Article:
Austen enthusiasts from all over the world have visited and contributed money to restore the church.

    Outside the church door is a venerable yew tree nine centuries old, where once the church key was hidden.

    From there we went to Chawton, a place I hadn’t visited in about fifteen years so I was thrilled to see the changes there. The working areas of the house have been restored–the seventeenth century house was once a farm, so it has substantial outbuildings as well as a lovely garden.

    Here’s Jane’s donkey cart, used on shopping expeditions (they kept two donkeys) and the copper (for washing clothes) and bread oven.

    The kitchen has been fitted out with a range which is early Victorian but not period, and to the left of it is a Rumsford stove, probably original. The bricks above the fire had holes into which pots could be lowered or placed above. (If you’re going to attend my presentation on servants at the Beau Monde Conference next week you’ll see these pictures again!)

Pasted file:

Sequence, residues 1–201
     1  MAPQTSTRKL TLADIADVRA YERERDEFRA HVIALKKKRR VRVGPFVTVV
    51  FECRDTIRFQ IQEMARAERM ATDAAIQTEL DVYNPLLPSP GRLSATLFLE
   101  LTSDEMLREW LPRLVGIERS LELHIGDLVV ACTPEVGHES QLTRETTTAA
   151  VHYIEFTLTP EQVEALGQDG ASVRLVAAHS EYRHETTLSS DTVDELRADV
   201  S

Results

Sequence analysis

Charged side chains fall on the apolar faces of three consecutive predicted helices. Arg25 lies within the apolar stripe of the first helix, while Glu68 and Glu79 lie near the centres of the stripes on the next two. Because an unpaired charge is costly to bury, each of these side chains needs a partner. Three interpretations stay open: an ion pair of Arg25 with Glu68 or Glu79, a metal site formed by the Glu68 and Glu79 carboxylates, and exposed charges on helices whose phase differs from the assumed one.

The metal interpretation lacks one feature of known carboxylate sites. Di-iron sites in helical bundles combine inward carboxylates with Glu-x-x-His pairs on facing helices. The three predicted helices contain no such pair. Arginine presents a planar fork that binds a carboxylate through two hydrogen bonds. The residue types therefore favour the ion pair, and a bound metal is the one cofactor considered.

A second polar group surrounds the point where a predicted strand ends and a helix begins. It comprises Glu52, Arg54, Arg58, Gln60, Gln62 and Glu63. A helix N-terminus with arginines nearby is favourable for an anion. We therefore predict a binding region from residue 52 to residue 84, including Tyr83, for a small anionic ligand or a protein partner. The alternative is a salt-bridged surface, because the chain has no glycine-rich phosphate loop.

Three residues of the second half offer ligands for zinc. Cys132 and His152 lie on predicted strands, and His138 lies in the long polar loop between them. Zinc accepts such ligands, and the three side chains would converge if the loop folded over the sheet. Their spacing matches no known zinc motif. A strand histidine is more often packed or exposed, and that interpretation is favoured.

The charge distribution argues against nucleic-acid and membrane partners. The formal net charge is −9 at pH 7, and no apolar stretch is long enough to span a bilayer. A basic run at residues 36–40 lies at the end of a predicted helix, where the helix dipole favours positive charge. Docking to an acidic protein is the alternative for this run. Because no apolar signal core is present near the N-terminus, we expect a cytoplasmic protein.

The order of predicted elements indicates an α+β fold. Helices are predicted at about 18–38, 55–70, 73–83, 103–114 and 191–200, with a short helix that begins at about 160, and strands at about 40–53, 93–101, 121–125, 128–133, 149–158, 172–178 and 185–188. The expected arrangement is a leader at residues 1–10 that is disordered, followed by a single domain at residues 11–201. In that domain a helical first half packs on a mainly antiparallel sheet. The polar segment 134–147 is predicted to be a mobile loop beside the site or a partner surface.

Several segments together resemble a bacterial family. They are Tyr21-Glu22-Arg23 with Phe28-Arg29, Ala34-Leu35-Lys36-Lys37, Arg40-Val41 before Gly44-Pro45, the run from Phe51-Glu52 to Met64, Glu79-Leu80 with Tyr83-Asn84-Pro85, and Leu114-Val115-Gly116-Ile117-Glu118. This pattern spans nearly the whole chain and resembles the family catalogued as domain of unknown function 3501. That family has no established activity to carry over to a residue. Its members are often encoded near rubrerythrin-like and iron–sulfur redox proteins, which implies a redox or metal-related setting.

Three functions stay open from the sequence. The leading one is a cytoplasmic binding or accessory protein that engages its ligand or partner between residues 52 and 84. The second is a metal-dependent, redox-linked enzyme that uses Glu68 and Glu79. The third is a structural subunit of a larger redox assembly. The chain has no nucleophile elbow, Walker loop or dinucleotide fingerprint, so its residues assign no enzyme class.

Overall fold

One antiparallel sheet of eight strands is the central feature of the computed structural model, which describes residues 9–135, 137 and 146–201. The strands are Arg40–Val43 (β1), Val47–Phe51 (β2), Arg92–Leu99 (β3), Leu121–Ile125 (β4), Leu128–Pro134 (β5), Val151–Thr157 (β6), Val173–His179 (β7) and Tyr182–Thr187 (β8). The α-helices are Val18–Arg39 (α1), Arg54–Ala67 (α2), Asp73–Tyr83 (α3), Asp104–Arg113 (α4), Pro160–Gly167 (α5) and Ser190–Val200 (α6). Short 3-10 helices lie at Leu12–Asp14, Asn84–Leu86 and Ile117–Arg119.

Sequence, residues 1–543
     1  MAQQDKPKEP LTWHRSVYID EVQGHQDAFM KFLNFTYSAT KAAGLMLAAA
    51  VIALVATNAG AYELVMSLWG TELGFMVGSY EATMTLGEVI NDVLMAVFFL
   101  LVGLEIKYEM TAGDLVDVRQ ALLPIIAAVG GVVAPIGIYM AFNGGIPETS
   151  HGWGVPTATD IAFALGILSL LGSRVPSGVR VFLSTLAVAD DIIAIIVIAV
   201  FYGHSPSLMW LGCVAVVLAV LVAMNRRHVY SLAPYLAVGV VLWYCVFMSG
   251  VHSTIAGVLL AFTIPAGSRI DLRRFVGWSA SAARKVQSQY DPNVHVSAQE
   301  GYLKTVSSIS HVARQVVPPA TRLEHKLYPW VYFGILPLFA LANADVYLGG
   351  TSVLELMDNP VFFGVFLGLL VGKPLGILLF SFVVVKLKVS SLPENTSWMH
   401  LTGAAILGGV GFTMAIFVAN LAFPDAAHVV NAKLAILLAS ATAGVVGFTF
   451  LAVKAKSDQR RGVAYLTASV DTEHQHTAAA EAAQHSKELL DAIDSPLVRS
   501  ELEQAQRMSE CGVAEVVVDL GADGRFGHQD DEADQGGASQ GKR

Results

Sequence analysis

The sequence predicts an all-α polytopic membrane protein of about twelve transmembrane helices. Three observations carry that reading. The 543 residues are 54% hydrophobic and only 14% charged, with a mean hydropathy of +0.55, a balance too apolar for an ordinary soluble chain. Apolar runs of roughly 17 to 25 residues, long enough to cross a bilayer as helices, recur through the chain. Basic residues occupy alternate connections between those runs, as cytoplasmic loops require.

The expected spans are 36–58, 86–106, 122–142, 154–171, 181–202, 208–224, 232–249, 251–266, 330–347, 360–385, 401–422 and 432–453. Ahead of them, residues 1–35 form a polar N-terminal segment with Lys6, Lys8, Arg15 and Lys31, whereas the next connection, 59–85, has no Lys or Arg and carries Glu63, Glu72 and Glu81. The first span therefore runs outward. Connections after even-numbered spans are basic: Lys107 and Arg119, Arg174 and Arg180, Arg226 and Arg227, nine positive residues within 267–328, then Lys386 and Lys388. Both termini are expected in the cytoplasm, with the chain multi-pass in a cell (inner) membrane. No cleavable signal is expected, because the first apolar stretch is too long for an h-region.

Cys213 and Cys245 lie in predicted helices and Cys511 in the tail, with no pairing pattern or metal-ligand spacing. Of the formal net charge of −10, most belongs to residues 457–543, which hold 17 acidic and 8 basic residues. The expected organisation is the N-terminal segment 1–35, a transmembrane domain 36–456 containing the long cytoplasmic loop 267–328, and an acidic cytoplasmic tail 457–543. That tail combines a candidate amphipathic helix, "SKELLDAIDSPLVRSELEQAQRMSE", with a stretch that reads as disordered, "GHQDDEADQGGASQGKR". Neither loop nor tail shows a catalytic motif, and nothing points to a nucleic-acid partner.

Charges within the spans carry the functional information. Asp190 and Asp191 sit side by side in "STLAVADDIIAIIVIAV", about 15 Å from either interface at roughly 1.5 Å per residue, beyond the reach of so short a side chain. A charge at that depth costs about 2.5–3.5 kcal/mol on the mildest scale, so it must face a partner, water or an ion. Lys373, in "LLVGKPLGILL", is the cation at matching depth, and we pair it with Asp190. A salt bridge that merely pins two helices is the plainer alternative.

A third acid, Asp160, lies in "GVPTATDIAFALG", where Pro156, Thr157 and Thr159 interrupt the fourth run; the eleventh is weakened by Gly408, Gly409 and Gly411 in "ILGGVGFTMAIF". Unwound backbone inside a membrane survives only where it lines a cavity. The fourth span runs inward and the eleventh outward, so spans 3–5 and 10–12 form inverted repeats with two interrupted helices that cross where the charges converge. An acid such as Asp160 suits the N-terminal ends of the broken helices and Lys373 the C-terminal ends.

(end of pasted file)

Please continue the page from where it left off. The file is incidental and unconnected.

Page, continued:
I was struck by how tiny and crooked the rooms in the house were–probably less crooked two centuries ago! Very little family furniture remains, although there is a desk and two chairs in the parlor which came from Steventon. And of course the most famous writing table in the world is there too.

    It had been very hot the previous week and the weather had only just broken, so the garden possibly isn’t as lush and green as it should have been, but I thought it was gorgeous.

    And here’s the last picture, the new cover for Jane and the Damned. When they told me it was going to be pink, I wasn’t very happy. I’m not a pink sort of girl and Jane Austen, as I depict her, wasn’t either. But I love it! Grubby pink works so well. What do you think?

    Have you visited Chawton? What did you enjoy seeing there?